You need to implement the SYS_execve system call, and then run other programs through the boot menu. You have already implemented many system calls, so we won't go into details about what you need to pay attention to.

Showcase your batch processing system

With the boot menu program, you can easily implement a batch processing system with some semblance. You only need to modify the implementation of SYS_exit, so that it calls SYS_execve to run /bin/menu again, instead of directly calling halt() to terminate the entire system. This way, when a user program ends, the operating system will automatically run the boot menu program again, allowing the user to select a new program to run.

As the number of applications increases, using the boot menu to run programs becomes less convenient: you need to keep adding new applications to the boot menu. A more convenient way is to run these programs through NTerm, you just need to enter the program path, such as /bin/pal.

Showcase your batch processing system (2)

Implement command parsing in the built-in Shell of NTerm, and call execve() with the entered command as the argument. Then make NTerm the first program to start in Nanos-lite, and modify the implementation of SYS_exit to run /bin/nterm again. For now, we do not support passing arguments, you can ignore command arguments first.

Entering the full path of a command is a relatively tedious task. Recall that when we use ls, we don't need to enter /bin/ls. This is because the system defines the PATH environment variable, you can read about the related behavior through man execvp. We can also make the built-in Shell in NTerm support this feature, you only need to set PATH=/bin through the setenv() function, and then call execvp() to execute the new program. When calling setenv(), you need to set the overwrite parameter to 0, so that the same effect can be achieved on Navy native.

Add environment variable support for the built-in Shell in NTerm

This is a very simple task, you only need to RTFM to understand the behavior of setenv() and execvp(), and make a small modification to the code of the built-in Shell, and you will get a Shell with a very similar user experience to what you are used to.

The ultimate question

Since ancient times, there has been an ultimate question in computer systems courses:

When you enter ./hello in the terminal to run the Hello World program, what exactly does the computer do?

You have implemented a batch processing system, and successfully run other programs through NTerm. Although our batch processing system has been greatly simplified, it still retains the essence of the history of computer development. After implementing the batch processing system, do you have any new insights into the above ultimate question?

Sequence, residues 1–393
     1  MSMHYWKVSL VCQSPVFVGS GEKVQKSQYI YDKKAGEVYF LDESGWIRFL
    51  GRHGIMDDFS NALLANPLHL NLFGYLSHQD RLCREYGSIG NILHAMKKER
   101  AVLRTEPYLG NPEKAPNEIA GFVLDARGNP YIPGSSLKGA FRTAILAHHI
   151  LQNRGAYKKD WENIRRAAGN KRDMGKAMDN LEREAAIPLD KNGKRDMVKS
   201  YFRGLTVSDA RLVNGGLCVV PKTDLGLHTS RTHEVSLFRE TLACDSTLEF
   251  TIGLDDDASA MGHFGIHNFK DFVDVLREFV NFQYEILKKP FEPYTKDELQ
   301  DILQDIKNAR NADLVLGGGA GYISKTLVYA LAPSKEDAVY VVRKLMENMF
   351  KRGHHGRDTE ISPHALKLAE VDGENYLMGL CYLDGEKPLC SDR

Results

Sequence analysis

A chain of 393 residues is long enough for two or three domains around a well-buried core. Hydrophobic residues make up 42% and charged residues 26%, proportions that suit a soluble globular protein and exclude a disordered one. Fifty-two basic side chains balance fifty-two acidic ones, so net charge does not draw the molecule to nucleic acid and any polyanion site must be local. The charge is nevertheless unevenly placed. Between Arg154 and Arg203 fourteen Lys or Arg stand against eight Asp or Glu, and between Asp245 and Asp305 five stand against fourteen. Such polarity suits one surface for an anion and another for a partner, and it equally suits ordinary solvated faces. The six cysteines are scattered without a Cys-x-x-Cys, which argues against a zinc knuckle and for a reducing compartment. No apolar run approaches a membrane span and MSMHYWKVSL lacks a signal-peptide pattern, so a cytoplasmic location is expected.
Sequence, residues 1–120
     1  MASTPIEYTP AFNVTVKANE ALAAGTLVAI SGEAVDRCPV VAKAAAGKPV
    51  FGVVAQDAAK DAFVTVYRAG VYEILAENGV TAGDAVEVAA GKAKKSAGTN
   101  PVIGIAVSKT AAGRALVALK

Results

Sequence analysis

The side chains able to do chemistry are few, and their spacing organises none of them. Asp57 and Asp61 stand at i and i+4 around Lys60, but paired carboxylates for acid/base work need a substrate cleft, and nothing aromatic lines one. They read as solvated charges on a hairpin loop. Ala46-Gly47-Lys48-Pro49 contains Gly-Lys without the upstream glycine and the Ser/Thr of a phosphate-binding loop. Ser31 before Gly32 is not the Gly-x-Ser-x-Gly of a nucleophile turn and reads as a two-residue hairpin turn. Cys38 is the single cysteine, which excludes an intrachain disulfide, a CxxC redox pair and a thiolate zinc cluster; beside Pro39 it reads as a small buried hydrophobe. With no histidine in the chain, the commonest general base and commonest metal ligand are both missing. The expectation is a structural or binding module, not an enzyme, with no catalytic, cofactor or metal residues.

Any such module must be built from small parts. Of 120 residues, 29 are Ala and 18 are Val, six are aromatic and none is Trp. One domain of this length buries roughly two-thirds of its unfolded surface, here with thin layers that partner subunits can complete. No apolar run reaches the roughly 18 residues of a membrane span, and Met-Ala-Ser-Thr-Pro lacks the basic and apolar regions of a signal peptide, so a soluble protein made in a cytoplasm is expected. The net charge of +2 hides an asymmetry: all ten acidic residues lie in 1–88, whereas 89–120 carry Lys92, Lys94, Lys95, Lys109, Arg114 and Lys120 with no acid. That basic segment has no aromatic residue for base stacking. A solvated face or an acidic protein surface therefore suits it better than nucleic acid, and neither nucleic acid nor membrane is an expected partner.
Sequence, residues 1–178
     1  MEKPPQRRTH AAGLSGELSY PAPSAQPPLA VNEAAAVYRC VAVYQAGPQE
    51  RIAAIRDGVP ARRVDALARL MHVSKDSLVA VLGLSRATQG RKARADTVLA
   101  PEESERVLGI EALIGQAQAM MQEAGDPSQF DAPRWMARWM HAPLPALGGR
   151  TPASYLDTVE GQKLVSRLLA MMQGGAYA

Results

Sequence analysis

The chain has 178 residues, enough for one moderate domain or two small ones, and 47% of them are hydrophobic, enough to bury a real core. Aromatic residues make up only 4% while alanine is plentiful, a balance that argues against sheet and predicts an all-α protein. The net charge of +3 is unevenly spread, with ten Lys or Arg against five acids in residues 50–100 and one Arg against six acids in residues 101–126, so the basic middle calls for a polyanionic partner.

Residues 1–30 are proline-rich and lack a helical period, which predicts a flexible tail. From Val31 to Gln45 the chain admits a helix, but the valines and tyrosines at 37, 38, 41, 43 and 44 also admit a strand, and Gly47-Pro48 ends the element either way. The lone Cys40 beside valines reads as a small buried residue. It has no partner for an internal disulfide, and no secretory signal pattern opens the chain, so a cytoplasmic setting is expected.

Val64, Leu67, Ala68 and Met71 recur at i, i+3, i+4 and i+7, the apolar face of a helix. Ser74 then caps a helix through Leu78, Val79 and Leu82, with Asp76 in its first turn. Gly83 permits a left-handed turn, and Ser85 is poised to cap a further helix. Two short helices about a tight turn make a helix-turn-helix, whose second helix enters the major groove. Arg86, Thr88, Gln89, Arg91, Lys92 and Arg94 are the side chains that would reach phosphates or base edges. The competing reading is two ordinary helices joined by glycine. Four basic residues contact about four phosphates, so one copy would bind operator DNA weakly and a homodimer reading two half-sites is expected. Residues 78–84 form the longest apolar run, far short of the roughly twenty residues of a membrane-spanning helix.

Add boot music

You can prepare a few seconds of music (e.g., a famous XP boot music), and play it in NTerm, so that this music will automatically play when the system starts up and enters NTerm. You can refer to the NPlayer code for the implementation of playing music.

Up to this point, we have basically implemented a "modern" batch processing system: The boot menu MENU we just ran is similar to the "100-in-1" game selection menu on the NES; and the behavior of NTerm is also very similar to the terminals and shells we use daily. Importantly, all of this was built by your own hands: NEMU, AM, Nanos-lite, the Navy runtime environment, and finally the applications. The macroscopic perspective of "computer as an abstract layer" has been fully presented before your eyes. You finally understand how complex programs like Chinese Paladin go through the layers of abstraction in the computer system, ultimately being decomposed into the most basic hardware operations, and running on the hardware in a state machine manner. When you understand this truth and feel amazed by it, the ultimate goal of PA to help everyone understand "how programs run on a computer" has been largely achieved.

Compulsory question - Understanding computer systems

  • Understand the past and present of the context structure (see PA3.1 stage)

  • Understand the journey through time and space (see PA3.1 stage)

  • What is the hello program, where does it come from, and where is it going (see PA3.2 stage)

  • How does Chinese Paladin actually run When running Chinese Paladin, a startup animation will play, with a crane flying through the mountains. This animation is played through the PAL_SplashScreen() function in navy-apps/apps/pal/repo/src/main.c. Reading this function, you can find that the pixel information of the crane is stored in the data file mgo.mkf. Please answer the following question: How do library functions, libos, Nanos-lite, AM, and NEMU work together to help the Chinese Paladin code read the crane's pixel information from the mgo.mkf file and update it to the screen? In a classic PA way of asking: What exactly did this process go through? (Hint: Reasonable use of various trace tools can help you better understand the behavior of Chinese Paladin)

Friendly reminder

PA3 ends here. Please write a good lab report (don't forget to answer the compulsory questions in the lab report), then place the lab report file named student_id.pdf in the project directory, and execute make submit to submit the project to the designated website.